RELATED: Protesters gather in San Francisco over Trump's transgender military ban
Between signs and rainbow flags flowing in the breeze, people scuffled through the intersection of Castro and Market streets toward speakers and a microphone manned by people from the Resistance.
One young woman took a seat at a bistro table outside the famous Twin Peaks bar, an LGBT mainstay in the Castro District.
Pushing the hair out of her face and adjusting her glasses, Melissa Garcia of San Francisco told ABC7 News she had run from her job at a nearby coffee shop to join the protest.
When asked what she would say if Donald Trump were sitting across from her at this very bistro table she replied, "We are such a diverse country and that instead of alienating people, we should be coming together and working for a better future -- that means accepting people who are different."
The crowd connected near Harvey Milk Plaza. They connected by holding hands. They connected by waving at each other. They connected through their mutual outrage, and love for their community.
Some carried signs with phrases and rhymes on them like "DUMP TRUMP" and "THE PRESIDENT SHALL NOT TROLL ON TWITTER."
Other signs served as works of art with intricate line detailing -- as if the messages and pictures were etched in one of Leonardo Da Vinci's lost sketchbooks.
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San Francisco resident Max, who carried one of the most creative signs, said his work was inspired by the original Uncle Sam poster, which was used as a way to recruit soldiers for the US military. "Except I don't think he represents the same values," he explained.
When asked what his initial reaction to Trump's tweets was he said, "My blood was boiling and then I was sad for other trans(gender) people who are in the service."
Max said he's been paying attention to the Trump administration -- from Russia collusion allegations to Twitter wars. "He's colluding with an enemy," he continued as he thanked ABC7 News for attending the rally. "Whether it's criminal or not. It's not somebody I want to be my president."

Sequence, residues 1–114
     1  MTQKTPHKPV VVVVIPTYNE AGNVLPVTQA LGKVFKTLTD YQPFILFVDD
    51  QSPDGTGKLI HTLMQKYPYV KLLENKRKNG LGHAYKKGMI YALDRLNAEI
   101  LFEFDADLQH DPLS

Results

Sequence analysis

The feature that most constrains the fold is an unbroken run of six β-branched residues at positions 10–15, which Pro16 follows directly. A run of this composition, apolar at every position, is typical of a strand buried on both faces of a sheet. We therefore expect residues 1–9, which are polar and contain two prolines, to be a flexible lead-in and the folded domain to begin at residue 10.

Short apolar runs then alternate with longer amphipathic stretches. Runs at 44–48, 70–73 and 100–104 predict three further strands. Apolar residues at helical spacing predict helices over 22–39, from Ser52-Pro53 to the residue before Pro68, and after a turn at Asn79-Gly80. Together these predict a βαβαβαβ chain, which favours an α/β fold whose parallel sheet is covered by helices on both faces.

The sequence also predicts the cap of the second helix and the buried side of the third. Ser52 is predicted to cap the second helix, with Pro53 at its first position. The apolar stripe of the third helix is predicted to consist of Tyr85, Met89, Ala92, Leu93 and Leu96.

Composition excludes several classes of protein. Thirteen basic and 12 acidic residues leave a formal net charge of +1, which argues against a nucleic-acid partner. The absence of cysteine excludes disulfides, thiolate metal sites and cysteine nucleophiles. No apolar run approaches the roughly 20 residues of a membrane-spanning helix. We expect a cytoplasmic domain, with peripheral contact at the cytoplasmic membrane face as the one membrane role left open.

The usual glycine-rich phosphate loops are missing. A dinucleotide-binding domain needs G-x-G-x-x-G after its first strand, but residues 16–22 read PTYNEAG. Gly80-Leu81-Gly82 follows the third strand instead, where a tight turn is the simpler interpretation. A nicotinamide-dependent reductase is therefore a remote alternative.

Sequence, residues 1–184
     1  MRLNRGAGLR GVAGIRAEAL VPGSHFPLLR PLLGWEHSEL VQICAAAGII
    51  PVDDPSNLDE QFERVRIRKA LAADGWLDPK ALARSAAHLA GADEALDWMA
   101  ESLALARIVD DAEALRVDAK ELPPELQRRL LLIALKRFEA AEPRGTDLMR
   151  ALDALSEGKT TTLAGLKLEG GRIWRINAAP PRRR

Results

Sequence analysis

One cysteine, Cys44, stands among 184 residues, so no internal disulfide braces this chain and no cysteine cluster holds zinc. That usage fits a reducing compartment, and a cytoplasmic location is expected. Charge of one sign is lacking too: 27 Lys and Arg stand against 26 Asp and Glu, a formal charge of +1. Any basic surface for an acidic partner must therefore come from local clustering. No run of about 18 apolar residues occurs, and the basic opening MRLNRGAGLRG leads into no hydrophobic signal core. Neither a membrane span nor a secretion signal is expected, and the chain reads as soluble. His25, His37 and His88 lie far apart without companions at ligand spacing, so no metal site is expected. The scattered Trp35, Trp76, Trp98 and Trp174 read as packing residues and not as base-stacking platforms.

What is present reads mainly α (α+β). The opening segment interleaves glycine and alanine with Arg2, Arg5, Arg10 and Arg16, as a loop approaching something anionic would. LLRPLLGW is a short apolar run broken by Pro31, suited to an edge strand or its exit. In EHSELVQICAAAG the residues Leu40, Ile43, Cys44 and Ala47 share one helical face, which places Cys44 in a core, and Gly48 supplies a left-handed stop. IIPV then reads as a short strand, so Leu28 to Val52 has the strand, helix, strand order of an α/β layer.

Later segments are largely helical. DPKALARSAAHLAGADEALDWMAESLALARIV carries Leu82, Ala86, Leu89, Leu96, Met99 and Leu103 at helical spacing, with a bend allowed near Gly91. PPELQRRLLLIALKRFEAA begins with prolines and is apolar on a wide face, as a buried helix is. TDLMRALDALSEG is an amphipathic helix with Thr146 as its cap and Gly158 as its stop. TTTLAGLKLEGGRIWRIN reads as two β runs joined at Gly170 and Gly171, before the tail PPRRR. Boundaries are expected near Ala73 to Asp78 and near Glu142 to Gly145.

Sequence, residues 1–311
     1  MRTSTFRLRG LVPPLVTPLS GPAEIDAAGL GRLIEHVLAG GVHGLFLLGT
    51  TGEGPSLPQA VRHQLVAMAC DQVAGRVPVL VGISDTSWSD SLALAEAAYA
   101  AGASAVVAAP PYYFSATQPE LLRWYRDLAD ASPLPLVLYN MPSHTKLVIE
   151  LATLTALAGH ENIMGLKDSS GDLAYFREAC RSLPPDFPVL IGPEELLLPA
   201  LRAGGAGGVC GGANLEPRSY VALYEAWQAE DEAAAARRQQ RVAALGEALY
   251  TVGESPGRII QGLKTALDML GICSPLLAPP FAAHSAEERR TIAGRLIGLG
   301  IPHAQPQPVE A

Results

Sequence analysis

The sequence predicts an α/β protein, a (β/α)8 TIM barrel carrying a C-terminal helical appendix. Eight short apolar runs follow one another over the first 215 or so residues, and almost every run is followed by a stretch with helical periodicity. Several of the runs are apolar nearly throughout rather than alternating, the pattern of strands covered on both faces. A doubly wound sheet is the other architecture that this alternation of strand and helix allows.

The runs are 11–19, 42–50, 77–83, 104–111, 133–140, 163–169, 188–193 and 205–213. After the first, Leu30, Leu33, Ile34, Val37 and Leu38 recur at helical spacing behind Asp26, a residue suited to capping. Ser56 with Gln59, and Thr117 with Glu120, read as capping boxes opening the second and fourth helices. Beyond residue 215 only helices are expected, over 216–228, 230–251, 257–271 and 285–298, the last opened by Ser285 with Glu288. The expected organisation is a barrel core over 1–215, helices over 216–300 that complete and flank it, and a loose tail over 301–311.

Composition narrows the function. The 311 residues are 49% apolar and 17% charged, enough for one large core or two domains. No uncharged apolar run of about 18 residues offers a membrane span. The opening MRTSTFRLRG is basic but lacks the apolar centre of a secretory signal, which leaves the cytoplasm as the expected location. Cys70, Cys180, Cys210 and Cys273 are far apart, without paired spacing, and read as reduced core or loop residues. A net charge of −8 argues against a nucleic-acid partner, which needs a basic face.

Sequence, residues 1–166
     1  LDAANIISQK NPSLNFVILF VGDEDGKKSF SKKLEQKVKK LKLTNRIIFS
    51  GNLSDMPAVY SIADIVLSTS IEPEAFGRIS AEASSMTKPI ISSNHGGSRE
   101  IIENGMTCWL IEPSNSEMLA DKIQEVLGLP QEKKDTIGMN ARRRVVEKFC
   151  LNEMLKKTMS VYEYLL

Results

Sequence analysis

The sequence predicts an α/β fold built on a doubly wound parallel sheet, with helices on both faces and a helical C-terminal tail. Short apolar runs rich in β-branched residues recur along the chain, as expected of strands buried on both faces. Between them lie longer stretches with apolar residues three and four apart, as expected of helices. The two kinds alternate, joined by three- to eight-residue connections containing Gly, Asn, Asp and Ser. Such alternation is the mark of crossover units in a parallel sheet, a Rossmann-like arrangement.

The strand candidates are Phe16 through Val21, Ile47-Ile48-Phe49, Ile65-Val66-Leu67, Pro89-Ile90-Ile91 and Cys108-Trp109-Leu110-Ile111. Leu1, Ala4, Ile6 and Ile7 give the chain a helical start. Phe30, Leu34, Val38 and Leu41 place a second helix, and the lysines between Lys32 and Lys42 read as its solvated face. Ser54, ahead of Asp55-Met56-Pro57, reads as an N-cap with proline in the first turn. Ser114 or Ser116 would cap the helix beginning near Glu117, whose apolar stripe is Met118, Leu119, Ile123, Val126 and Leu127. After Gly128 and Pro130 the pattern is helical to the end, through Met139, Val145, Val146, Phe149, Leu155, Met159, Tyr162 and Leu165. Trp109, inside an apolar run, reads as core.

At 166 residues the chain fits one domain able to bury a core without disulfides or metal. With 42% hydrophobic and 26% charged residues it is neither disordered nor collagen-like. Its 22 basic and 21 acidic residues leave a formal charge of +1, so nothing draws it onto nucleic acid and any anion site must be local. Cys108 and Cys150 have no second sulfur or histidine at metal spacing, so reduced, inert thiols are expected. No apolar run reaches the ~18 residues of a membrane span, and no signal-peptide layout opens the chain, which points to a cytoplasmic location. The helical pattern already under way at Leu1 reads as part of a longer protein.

The crowd began to grow around 6:15 p.m. and by 6:30 p.m., San Francisco police arrived at the site of the rally. One officer told ABC7 News the SFPD's plan was to help guide protesters and follow them through their march to ensure their safety throughout the event.
Among those planning to march was San Francisco Supervisor Jeff Sheehy, who happens to be the only gay member of the board. He remembers the assassination of Harvey Milk and the mark the tragedy made on the LGBT community. He feels the Trump administration is breeding the next wave of hatred in America.
"This is how we've always responded to the hate and bigotry we've experienced over the years and the decades," he said. "What we do is come together with love and solidarity."
Sheehey said Trump's decision to ban transgender individuals from the military wasn't made with haste, but with hate. "We've been through this before. I remember when we all laid down in the street in 1989 in protest because no one was responding to HIV/AIDS. We shut down the Castro."
As people of all shapes, sizes, colors, creeds, and gender identities took the microphone at the center of the rally they shared their experiences of being cast aside, beaten, discriminated against, and forgotten.
RELATED: President Trump announces transgender ban in military
Asked what advice they had for young people wanting to get involved in political activism, "Sister Nova" of San Francisco's Sisters of Perpetual Indulgence shared a few words of advice, "Read. Read some information and find out, and come out to one of these things and listen to what people have to say. Read the fake news... read the real news. Come out to the Resistance rally and listen to these people's stories. The individual stories are what really matters."
The heartache in everyone gathered at Harvey Milk Plaza could be felt. There was a sense of longing, a call to action, a sense of power-- all feelings whirling around underneath the San Francisco fog. Many who took the streets to support their values said they were ready to march, fight, and speak out for what they believed in -- online, in the streets, and at the voting booths in 2020.
Watch the video in the player above for our half-hour Facebook Live from the Castro Street protest where you can meet Max, Supervisor Sheehy, "Sister Nova," and a host of other participants.
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